a Planned Parenthood volunteer shows a sign advertising birth control

In December 1967, birth control information, which was to be displayed on New York buses, is held up for scrutiny by Marcia Goldstein, the publicity director of Planned Parenthood.

Photo by H. William Tetlow/Fox Photos/Getty Images

Population Shrinking

You might be surprised to learn that not everyone thinks a growing human population is a bad thing. In fact, some people think we're facing the opposite problem -- that our population isn't growing fast enough and might start shrinking.

How can that be? The simple answer is: birth control. Since the 1960s, when birth control pills became widely available to women in industrialized nations, the rate at which the world's population grows each year has dropped steadily [source: World Population Growth Rates]. This is becoming a problem in some countries, particularly if their population has been reduced by other factors such as disease or war. Russia is planning a program that would pay women cash grants for having children. Australia, Japan and several other nations have similar programs [source: New York Times].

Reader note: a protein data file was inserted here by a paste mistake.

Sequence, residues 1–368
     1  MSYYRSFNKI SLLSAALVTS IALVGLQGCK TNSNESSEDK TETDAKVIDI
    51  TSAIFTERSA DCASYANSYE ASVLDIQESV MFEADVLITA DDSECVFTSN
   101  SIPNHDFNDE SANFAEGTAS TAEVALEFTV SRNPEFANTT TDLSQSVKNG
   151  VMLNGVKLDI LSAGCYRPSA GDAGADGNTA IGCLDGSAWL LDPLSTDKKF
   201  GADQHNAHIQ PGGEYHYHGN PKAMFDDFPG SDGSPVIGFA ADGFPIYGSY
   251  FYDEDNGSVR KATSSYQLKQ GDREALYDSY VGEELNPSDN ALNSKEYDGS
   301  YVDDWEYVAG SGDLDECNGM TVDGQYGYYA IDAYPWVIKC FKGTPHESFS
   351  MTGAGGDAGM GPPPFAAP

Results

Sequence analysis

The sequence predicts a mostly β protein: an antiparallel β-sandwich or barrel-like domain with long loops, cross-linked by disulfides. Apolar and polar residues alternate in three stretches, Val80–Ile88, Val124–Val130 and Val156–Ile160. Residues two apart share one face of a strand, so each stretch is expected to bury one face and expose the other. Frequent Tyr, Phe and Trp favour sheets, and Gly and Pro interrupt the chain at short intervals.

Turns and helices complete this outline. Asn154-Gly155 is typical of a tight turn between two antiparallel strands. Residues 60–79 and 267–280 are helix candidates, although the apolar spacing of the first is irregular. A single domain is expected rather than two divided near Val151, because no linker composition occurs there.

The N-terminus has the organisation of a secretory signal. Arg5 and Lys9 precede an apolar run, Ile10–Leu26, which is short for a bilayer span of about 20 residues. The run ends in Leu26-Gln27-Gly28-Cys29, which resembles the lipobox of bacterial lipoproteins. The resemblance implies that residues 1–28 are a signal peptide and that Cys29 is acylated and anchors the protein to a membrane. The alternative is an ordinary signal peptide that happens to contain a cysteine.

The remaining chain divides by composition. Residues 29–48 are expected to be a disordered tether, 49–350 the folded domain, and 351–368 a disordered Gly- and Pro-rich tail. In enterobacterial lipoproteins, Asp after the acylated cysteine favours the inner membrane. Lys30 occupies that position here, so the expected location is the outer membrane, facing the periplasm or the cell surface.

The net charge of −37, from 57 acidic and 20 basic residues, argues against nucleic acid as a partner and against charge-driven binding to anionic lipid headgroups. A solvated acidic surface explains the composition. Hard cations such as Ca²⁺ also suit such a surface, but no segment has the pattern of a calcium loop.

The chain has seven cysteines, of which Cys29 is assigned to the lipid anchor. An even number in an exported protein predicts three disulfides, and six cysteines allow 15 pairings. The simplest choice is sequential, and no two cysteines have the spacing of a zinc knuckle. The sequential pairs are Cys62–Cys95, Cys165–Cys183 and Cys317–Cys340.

­ Why would a shrinking population be a bad thing? Wouldn't it be better if we used fewer natural resources and did less damage to the environment? It probably would be better in some ways. But it's also important to have a healthy world economy, and continual worldwide economic growth is largely fueled by population increase. People are consumers. More consumers equals more money. More money equals a healthier economy. ­

Population loss isn't a worldwide problem. There are plenty of humans, overall. It's only a problem in certain places where external factors have driven down the population. In these places, the population might get so low that it suffers from population collapse. This is the point at which the population is no longer large enough to support a functional economy. Any people that are left simply leave if they're able. Those who are too poor to move end up living in extreme poverty.